The great legacy explains the attraction of the Thuringian theaters, whose foundations were laid during the times of Goethe and Schiller. At that time an art-loving era began which can one still feel a lot today. What the two famous German poets were to the theater, names as Johann Sebastian Bach, Johannes Brahms, Franz Liszt and Max Reger are to Thuringian music history. Their work is still omnipresent: in concerts, in their homes, museums and churches. That is why the highlights of the Thuringian theater and concert calendar are very popular: Experiencing the works of great artists or contemporary pieces at the place of their creation makes an additional emotionality that does not exist anywhere else.
The State Theater is a classical building and was given to the city in 1879 by the banker and manufacturer Julius von Eichel-Streiber.
With its Ballet and Young Theater categories, which collaborate with the Thüringen Philharmonie Gotha-Eisenach, the theater provides a significant cultural contribution to Eisenach and the surrounding region.
The Ekhof Theatre in the west tower of Friedenstein Castle Gotha is considered one of the oldest baroque theatres in the world with still existing and functioning stage machinery. As early as 1681, the Milanese stage designer Giacomo Torelli installed a rapid transformation machinery with which the stage set could be changed in just eight seconds. In 1775, the first German court theatre was created here around the Gotha court composer Georg Anton Benda and Conrad Ekhof, the "father of German dramatic art". Every year, those interested can experience this unique ensemble as part of the Ekhof Festival, which is known beyond the region.
Gera’s splendid Art Nouveau theater combines theater and the concert hall under one roof and, with its five categories, offers an extraordinary program. From opera, operetta and symphony concerts to theater plays, music, ballet and puppet theater – there is always something for everyone.
This historical and tradition-steeped building is a major venue for Weimar's cultural events calendar, offering up to 600 performances per year. The German National Theatre and the Staatskapelle Weimar cultivate a broad repertoire for lovers of music theatre, plays and concerts, ranging from classical to contemporary works.
The Jena Theater House is well known for its eagerness to experiment and its young ensemble. Whether a world premiere, an adaptation of classics or performance theatre - here every theater lover finds something to suit his or her taste.
Contemporary art is shown: The program includes world premieres as well as modern adaptations of classics or performance theatre. Theater work with and for young people occupies just as much of the program, as does introducing children to theater.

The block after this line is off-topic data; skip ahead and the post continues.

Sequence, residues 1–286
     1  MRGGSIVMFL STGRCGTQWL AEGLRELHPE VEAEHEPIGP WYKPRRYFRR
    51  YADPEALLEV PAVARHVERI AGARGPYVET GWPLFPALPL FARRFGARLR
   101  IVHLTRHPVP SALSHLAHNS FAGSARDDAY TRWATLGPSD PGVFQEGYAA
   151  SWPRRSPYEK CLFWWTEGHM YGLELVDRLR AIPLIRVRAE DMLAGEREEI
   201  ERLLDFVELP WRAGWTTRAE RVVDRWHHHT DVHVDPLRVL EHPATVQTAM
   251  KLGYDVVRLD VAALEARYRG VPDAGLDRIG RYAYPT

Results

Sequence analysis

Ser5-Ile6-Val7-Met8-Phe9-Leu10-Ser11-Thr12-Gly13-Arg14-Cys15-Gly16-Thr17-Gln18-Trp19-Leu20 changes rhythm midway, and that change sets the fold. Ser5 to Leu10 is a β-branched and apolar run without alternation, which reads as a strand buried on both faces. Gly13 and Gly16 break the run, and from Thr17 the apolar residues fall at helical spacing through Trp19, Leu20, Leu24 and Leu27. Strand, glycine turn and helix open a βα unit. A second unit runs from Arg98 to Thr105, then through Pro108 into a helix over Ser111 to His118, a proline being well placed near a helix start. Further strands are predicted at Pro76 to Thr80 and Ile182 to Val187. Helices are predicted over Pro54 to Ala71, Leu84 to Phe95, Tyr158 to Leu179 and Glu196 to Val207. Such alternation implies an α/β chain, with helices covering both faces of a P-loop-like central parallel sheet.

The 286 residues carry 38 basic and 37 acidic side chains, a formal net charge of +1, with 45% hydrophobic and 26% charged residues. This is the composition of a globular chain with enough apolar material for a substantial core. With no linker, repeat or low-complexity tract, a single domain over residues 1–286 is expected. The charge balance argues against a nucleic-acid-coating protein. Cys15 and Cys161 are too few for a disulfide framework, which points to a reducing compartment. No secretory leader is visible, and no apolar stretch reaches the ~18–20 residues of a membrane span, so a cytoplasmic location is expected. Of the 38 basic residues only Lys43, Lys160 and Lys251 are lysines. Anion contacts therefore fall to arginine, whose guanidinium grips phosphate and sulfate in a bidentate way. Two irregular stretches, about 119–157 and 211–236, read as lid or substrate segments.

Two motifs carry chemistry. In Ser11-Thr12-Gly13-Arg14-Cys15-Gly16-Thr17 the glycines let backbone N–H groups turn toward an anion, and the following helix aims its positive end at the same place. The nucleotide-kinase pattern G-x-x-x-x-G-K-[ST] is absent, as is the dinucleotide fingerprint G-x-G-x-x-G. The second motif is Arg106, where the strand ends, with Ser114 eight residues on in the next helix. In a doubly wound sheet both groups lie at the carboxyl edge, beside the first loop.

One of the highlights is the annual summer festival on the square in front of the theater to mark the opening of Jena's Kulturarena festival.
In 1871, one of Semper’s students had the Court Theater, now the Landestheater, built according to the plans of the old Semper Opera in Dresden. Here, the only theater in Thuringia with five categories loans its splendid setting to performances of plays, music theater, puppet theater, ballet and symphony concerts in almost 300 events per year.
European theater history was written here under Duke George II, because "the Meiningen theater is the place where modern director's theatre" was invented (R. Schechner, New York University). Indeed, it is one of the most traditional theatres in Germany. The classical building was completely renovated in 2010 and 2011. In the main auditorium and the adjacent Kammerspiele, the audience can experience a varied program of plays, operas, operettas, musicals, concerts, ballet and puppet theater for all generations with 500 to 600 performances per season.
At the court's instigation, the Rudolstadt Theater was initially built in 1792/93 as a summer venue. From 1794 to 1805, Goethe was the artistic director of the ensemble, which traveled from Weimar to perform on the Rudolstadt stage. Today, the ensemble has fused with the Thuringian Symphony Orchestra, with its 350-year-old tradition, in order to sustain the theater.
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The rich repertoire of Nordhausen’s theater includes operas, operettas, plays, ballets and symphony concerts, cabaret and musicals. Making theater attractive to children and young people is an important priority, and special performances for these age groups are featured here.
Once a princely riding arena, the Theater in the Castle Park is now used regularly for cultural events. Along with theater plays, there are also operettas, operas, musicals, concerts, cabaret, and ballet performances here. The small artistic ensemble regularly presents their own productions, which are always popular with their audiences.
In the late 19th century, the Meiningen theater performers during the reign of Duke George II were exemplary for stages all over Europe. The former ducal riding hall (1797) was converted into a theater museum in 1999. The presentation of one of the illusionist stage-sets from the unique collection of the Theater Museum offers an inkling of how early Hollywood cinema was inspired by the Meiningen theater practice. Every day, the unusual museum presents four showings: at 10 a.m., 12 p.m., 2 p.m. and 4 p.m. with a program of film and scenic lighting on a historical stage set, illustrating how Meiningen wrote European theater history.